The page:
Where will the world find refuge in 2024?

by Rebecca Gordon, Tom Dispatch

Back in 1968, my father announced that, if Richard Nixon were elected president that November, he was going to move us all to Canada. I’m not sure who “us all” actually was, since my younger brother and I were then living with my mother and my parents had been divorced for years. Still, he was determined to protect us, should someone he considered a dangerous anti-Semite make it into the Oval Office — and leaving the country seemed to him like the best way to do it.

As it happened, Nixon did win in 1968 and none of us moved to Canada. Still, I suspect my father’s confidence that, if things got too bad here, we could always head somewhere else (Canada? Israel?) was a mental refuge for him that fit his own background very well. It was, after all, what his father had done in 1910, when his family was attacked by Cossacks in what’s Ukraine today. His parents had him smuggled out of town in a horse-drawn rig under bales of hay. He then walked across a significant part of Europe and took a boat from Antwerp, Belgium, to New York City. There, he was met by a cousin who brought him to Norfolk, Virginia. Eventually, my grandfather managed to bring his whole family to Norfolk, where he became, among other things, the president of his local Zionist club, fostering his dream of refuge. My father grew up in the haze of that dream.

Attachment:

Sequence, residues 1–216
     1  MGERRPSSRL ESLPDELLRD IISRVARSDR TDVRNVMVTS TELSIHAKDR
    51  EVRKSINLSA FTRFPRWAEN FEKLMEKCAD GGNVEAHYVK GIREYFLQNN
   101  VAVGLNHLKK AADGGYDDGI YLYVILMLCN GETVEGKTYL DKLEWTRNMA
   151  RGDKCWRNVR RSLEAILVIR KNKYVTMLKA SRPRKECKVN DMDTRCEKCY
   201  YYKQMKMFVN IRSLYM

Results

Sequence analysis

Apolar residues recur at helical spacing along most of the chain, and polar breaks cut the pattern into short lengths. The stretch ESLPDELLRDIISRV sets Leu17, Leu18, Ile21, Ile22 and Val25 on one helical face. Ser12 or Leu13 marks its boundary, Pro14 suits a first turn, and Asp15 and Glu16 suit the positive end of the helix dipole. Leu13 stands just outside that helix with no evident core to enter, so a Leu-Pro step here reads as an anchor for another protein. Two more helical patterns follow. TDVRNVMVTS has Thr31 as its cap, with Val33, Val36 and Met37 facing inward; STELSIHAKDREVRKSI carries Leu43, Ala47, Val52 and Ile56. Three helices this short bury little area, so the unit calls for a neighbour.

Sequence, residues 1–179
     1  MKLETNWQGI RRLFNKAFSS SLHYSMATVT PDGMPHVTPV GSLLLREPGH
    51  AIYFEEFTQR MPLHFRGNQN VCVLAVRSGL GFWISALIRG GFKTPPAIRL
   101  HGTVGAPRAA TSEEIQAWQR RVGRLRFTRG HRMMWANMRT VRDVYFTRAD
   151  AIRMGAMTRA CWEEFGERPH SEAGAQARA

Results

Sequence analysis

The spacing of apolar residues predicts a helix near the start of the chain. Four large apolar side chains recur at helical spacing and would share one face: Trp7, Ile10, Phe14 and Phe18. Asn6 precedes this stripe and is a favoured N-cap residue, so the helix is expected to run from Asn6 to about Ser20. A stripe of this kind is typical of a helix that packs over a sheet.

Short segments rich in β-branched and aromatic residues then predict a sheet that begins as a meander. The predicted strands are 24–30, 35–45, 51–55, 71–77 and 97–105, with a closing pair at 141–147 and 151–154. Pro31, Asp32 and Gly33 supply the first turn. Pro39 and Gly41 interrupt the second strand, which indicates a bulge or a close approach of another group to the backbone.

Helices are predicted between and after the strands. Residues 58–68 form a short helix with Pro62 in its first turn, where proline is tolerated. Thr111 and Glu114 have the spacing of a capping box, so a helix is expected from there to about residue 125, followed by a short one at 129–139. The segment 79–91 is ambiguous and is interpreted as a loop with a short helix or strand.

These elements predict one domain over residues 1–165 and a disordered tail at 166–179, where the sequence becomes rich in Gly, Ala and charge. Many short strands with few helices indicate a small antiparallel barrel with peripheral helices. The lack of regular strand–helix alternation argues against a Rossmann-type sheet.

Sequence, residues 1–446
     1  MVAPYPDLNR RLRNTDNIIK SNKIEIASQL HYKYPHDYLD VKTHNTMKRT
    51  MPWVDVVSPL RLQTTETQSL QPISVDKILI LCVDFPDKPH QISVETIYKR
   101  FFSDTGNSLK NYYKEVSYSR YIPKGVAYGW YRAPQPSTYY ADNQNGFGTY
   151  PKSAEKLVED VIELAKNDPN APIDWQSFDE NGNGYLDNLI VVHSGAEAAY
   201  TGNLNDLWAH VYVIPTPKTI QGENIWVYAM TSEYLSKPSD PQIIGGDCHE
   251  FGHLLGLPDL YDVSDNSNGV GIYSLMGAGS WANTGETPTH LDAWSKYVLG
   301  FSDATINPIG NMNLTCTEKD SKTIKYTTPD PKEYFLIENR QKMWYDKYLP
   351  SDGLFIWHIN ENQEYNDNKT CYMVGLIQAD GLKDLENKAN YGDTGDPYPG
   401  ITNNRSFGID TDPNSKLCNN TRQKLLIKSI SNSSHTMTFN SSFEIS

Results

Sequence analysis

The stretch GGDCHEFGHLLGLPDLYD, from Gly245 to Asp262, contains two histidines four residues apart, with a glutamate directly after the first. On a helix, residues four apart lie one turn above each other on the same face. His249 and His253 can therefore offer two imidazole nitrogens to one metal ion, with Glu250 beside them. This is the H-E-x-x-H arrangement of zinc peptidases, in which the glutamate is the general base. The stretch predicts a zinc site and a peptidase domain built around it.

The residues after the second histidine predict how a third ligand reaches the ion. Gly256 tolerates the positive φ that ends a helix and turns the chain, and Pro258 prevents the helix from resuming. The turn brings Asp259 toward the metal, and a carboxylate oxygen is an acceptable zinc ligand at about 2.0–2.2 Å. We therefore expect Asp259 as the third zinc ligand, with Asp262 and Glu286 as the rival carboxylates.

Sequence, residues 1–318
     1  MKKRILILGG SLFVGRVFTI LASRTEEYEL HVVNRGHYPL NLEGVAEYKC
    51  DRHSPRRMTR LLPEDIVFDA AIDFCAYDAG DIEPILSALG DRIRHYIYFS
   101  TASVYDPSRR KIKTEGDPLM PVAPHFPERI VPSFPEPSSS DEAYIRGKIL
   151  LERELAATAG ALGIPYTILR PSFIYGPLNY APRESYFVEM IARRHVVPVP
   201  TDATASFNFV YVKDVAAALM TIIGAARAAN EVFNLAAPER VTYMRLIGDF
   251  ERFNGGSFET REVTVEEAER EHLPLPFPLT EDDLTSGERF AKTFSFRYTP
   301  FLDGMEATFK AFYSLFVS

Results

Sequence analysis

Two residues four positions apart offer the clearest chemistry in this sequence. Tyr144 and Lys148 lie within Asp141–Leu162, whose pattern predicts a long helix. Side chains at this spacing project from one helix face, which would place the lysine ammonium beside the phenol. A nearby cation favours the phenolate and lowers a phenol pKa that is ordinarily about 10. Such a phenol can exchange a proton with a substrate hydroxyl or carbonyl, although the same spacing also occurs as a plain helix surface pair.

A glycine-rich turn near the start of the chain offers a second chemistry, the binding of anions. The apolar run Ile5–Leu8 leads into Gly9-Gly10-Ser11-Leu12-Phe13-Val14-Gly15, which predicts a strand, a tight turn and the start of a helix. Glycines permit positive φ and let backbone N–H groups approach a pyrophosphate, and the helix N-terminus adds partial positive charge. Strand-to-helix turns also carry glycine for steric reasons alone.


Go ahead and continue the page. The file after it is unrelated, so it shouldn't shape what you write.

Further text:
colombian refugees at US border

In fact, my father’s reliance on the guarantee that he could go “somewhere else” accorded well with the post-World War II international consensus that people in danger of persecution where they lived had a right to seek refuge in another country. Shortly after the formation of the United Nations, that view was codified in the 1951 Convention Relating to the Status of Refugees.

The Convention consolidated various treaties created by European nations to address the desperate situation of millions of people displaced by the two World Wars. It defined a refugee as a person who:

“As a result of events occurring before 1 January 1951 and owing to well-founded fear of being persecuted for reasons of race, religion, nationality, membership of a particular social group or political opinion, is outside the country of his nationality and is unable or, owing to such fear, is unwilling to avail himself of the protection of that country; or who, not having a nationality and being outside the country of his former habitual residence as a result of such events, is unable or, owing to such fear, is unwilling to return to it.”

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